'The villagers were cheated - in some cases, intimidated - into signing the sales contract,' said Liang Tangfen, who was a village representative at the time. Liang was dismissed from the post three months ago for leading residents' efforts to reclaim the lost property. He said he didn't initiate or participate in the confrontation, but was very much disillusioned with the government's reaction to the community's complaints.

Twenty-eight households refused to sign the original deal and protested against having their land taken over. Liang said local authorities responded to their protests with violence.

Then, in July 2004, with the help of Zhongshan officials, Yilong bought back 18 per cent of the sold land with the money earned from the land sale. Each household was also given 7,000 yuan for previously sold land.

But four years later, villagers discovered that the repurchased land had been leased out again in 2007 by the village's then party secretary, Zhou Jinhuan, without their knowledge or permission. Zhou had leased the land to Xiaolan for 30 years for an annual fee of 150,000 yuan per hectare. But Liang said the factories in the industrial park claimed they had leased the land for 50 years. 'Our villagers lost the farmland and were given only 700 yuan a year [in compensation],' he said. Liang says the farmers he represents have only about 170 square metres each to farm, which is not nearly enough to feed a family.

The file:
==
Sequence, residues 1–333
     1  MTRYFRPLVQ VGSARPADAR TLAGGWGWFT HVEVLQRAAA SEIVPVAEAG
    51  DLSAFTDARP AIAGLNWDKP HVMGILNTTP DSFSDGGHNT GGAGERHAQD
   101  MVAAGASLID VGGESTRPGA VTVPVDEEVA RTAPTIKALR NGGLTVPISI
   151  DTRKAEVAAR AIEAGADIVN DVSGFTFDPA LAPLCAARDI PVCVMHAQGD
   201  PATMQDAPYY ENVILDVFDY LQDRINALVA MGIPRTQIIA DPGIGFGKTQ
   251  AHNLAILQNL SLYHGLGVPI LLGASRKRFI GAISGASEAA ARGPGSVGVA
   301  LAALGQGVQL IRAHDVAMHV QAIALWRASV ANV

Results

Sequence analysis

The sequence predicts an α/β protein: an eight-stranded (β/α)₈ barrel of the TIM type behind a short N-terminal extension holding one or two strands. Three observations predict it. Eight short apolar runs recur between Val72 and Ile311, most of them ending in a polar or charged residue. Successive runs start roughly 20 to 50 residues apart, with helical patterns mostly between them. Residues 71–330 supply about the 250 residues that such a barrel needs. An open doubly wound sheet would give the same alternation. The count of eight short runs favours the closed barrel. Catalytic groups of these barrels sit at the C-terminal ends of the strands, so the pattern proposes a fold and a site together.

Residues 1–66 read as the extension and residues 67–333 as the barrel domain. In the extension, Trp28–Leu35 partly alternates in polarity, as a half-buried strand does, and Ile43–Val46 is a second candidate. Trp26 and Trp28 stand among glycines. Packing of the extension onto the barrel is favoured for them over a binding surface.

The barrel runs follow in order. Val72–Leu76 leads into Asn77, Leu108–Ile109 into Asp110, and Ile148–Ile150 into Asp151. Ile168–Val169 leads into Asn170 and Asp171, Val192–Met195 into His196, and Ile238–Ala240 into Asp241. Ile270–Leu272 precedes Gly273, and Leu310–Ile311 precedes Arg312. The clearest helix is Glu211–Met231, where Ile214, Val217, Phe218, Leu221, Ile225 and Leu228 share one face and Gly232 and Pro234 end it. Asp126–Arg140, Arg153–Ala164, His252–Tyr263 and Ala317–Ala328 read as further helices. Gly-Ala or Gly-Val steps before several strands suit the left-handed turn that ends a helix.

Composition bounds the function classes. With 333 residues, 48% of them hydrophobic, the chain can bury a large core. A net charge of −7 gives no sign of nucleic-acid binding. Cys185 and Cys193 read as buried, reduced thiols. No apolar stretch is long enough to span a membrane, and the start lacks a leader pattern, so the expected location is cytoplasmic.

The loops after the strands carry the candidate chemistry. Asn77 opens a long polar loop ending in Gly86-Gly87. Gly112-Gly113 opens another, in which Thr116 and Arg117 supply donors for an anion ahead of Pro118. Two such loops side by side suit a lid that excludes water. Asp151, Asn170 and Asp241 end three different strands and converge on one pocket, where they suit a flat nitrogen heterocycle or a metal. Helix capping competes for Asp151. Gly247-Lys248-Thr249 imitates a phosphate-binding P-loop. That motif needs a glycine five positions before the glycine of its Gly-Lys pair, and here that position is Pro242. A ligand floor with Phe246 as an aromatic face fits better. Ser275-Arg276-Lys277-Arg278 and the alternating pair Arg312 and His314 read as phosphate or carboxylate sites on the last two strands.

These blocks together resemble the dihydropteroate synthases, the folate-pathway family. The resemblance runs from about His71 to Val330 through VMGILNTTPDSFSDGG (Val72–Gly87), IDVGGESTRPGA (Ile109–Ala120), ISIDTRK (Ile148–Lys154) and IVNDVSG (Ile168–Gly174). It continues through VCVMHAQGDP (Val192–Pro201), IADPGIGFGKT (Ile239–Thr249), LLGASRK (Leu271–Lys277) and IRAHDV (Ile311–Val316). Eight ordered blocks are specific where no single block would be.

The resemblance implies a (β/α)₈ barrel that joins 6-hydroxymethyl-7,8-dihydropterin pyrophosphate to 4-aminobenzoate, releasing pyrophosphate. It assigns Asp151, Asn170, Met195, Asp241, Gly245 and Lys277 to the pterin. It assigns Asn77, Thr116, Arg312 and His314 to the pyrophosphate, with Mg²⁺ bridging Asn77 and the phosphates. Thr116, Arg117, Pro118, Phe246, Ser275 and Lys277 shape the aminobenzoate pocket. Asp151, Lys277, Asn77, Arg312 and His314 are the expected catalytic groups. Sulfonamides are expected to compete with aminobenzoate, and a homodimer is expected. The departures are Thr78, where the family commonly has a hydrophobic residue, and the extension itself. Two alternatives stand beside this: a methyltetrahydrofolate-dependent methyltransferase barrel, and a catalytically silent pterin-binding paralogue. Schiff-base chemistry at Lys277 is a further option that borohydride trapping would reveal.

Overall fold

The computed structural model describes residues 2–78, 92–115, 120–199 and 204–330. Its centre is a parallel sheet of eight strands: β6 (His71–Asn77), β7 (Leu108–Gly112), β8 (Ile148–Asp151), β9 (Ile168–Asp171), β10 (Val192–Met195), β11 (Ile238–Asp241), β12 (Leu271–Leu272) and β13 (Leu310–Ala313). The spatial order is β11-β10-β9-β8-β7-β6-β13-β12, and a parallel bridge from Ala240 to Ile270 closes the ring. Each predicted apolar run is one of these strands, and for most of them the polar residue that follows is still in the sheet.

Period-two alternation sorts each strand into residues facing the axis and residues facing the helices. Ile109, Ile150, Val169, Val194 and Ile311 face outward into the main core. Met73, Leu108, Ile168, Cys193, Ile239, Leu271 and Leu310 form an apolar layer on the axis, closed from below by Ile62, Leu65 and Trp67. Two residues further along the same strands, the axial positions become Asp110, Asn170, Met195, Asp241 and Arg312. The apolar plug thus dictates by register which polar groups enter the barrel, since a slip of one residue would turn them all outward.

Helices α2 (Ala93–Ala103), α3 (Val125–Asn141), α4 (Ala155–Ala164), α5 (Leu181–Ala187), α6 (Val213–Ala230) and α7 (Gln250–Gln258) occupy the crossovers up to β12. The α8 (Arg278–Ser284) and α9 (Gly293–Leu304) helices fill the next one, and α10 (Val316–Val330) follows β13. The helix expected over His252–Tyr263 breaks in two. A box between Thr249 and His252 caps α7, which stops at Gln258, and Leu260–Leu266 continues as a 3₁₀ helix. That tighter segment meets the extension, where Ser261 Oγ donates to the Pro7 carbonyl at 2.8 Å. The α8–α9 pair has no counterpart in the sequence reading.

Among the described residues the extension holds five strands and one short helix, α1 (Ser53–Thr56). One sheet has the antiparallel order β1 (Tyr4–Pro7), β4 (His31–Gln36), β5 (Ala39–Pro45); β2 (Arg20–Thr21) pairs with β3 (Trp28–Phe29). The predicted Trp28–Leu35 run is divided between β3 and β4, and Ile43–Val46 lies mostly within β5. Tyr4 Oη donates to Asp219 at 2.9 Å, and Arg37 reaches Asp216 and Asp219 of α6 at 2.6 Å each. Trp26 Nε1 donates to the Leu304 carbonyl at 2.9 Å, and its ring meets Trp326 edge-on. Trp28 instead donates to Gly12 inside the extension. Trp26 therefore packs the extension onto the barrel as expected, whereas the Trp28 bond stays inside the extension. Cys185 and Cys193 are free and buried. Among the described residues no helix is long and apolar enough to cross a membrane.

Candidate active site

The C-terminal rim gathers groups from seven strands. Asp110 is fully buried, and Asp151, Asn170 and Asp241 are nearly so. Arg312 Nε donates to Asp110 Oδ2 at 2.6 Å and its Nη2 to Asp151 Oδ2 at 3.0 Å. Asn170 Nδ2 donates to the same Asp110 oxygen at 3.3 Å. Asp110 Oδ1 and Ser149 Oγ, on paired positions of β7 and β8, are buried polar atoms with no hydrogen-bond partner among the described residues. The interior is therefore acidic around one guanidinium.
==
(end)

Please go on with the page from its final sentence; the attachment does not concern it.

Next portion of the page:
According to the central government, the State Council must review any plan to convert more than 35 hectares of farmland for industrial purposes. The villagers say the Yilong village committee got around this rule by claiming that just 32 of the 130 hectares earmarked was farmland.

While officials are now refusing to answer questions about the issue, there was something of an explanation in 2004 when then Dongsheng party secretary Ou Wanhong sent a letter to the affected parties.

Ou said Dongsheng was 1.3 billion yuan in debt and had no money for repayments. Ou didn't specify to whom Dongsheng was indebted or when the vast sums were borrowed, but he insisted that the township had to sell more than three hectares of land each month to repay the money.

Yan Jinming, professor of land management at Renmin University, said the transfer of collectively owned land between villages should be subject to democratic processes and have the support of at least two-thirds of the community's farmers.

Chen Xiwen, who heads the Communist Party's office on rural policy, suggested earlier this year that farmers play a direct role in the development of the land instead of having their land taken over. This, Chen said, would help protect their rights to profit from the development.

'Farmers' land is not protected by law in China,' said Dang Guoying, a senior researcher at the China Academy of Social Sciences' Rural Development Institute. 'The government is too powerful and economic goals take priority over justice. Citizens' interests are prone to infringement.'

In Yilong, the villagers' demands were clear: the land must be returned, the illegal practices made public and those responsible punished.

'I am in my 60s and I have nothing to be afraid of,' Liang said.